The particle serial wifi command sets up the Wi-Fi network but does not claim the device, which is perfect for this application.

Debugging tips

The normal sequence of the status LED is:

  • White
  • Blinking green
  • Blinking cyan
  • Fast blinking cyan
  • Breathing cyan

The point where it stops can be helpful in determining what went wrong.

Stops at blinking green

If some Photons cannot get past this state:

  • If your network has run out of available IP addresses in the DHCP address pool, the Photon will stop at blinking green. The network administrator can usually check this.

  • If your network restricts access to certain devices by Ethernet MAC address, you will need to make sure the affected Photon is allowed. Your network administrator will tell if you if this is necessary. You can find your MAC address using the instructions here. This is not common.

If no Photons can get past this state:

  • If you are using a corporate or school network that uses WPA2 Enterprise, the Photon cannot be used at this time. If you require both a username and a password, or see a mention of 802.1(x), or RADIUS you're using WPA2 Enterprise.

  • If you are using a network that takes you to a web page where you need to either sign in or agree to terms and service when you first connect, using the Photon directly will be difficult or impossible. This is the case in some hotels and public Wi-Fi networks and is often referred to as Captive Portal.

  • If your Wi-Fi network uses 5 GHz only, instead of the more common 2.4 GHz, the Photon cannot be used. The Wi-Fi radio is only compatible with 2.4 GHz networks.

Blinking cyan or fast blinking cyan

  • This can sometimes indicate a problem with DNS or a Firewall. Using the diagnostic program in the following section will show when this is occurring.

  • Photons running system firmware 0.6.0 and later require working DNS (domain name service) to connect to the cloud. If your DHCP server is returning an invalid DNS server, or the DNS server is not functioning correctly, the Photon may not be able to connect to the cloud.

  • The firewall must allow outbound TCP access to port 5683 (CoAP) on device.spark.io (currently 54.173.1.44 but the address may change) to allow Photons to connect to the cloud.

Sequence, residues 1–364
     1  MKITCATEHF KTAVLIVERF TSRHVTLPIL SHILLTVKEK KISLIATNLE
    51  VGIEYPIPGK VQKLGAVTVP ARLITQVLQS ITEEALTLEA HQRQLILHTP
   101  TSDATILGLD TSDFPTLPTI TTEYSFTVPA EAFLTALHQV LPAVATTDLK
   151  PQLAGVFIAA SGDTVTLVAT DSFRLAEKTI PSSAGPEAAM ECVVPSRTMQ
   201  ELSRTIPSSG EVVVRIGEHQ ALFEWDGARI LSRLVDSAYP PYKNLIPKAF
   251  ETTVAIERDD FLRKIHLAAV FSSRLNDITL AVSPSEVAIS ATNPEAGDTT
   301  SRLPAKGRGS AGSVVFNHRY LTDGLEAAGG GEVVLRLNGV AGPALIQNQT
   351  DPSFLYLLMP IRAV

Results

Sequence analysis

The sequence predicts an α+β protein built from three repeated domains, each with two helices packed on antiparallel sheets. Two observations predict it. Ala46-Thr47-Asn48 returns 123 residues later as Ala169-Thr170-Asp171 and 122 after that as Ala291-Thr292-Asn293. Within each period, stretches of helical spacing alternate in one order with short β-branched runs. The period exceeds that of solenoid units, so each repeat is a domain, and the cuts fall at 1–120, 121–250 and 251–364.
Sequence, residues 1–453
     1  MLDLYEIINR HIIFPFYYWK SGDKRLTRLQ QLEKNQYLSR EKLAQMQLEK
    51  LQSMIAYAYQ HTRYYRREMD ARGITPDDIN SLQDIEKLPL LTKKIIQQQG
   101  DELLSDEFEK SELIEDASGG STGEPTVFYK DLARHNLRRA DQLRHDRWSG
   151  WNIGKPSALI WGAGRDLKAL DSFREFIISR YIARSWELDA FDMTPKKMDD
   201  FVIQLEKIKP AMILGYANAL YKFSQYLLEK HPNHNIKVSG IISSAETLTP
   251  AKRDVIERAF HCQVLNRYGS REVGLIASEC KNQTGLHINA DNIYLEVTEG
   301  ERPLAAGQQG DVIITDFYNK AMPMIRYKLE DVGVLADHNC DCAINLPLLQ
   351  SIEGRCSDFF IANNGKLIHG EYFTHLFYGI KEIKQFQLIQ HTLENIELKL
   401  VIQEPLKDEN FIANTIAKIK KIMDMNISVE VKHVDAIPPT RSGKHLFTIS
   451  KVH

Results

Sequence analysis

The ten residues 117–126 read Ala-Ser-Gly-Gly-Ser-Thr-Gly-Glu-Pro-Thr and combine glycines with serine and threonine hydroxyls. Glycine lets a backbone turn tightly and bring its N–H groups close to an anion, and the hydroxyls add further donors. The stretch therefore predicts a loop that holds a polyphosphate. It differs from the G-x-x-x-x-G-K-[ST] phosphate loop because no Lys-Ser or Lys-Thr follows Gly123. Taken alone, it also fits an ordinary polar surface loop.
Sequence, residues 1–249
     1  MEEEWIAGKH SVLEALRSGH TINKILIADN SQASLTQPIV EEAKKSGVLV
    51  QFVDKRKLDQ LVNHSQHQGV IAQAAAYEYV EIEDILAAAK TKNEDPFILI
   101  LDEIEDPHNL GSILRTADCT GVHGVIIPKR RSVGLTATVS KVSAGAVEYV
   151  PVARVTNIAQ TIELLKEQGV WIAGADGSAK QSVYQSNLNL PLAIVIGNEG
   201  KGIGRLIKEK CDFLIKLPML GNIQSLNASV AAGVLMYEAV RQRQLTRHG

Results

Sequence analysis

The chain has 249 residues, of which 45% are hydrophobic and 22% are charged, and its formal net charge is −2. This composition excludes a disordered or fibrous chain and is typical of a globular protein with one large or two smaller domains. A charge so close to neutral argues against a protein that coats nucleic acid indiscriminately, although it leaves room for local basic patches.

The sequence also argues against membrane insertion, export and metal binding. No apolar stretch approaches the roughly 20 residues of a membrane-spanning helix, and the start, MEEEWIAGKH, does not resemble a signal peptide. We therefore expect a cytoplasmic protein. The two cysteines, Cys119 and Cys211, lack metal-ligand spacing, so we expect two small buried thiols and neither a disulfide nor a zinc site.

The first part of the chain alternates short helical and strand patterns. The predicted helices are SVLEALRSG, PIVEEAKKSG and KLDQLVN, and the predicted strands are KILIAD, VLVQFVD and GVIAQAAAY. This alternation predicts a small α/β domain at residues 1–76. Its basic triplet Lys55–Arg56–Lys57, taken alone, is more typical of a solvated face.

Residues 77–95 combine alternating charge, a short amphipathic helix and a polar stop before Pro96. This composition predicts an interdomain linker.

• It should also allow outbound https (port 443) to build.particle.io, console.particle.io and api.particle.io for building and using the API.

Fast blinking cyan with red or orange blinks

This sometimes indicates a problem with the server or device keys.

Put the Photon into Listening mode (blinking blue) by holding down SETUP until it blinks blue. Then issue the CLI command:

particle identify

Save the Device ID; you’ll need it later.

Then put the Photon in DFU mode by holding down both the RESET and SETUP buttons, releasing RESET and continuing to hold down SETUP until it blinks yellow and issue the commands below, in order.

particle keys server
particle keys doctor YOUR_DEVICE_ID

Running the cloud debug program

Sometimes it's not possible to tell what's going wrong just by monitoring the lights. Flashing this firmware to the device will print out additional debugging information. The log file can be sent to Particle support for further investigation.

https://github.com/rickkas7/photon-clouddebug

Recycling Photons

If you reuse the Photons with another class, it will be necessary to do some work to clean them up. You can save a great deal of effort by requesting that the departing students unclaim the devices from their accounts. It's possible to recover if they don't, but it adds several steps to the process.

Complete instructions are here: https://github.com/rickkas7/photonreset.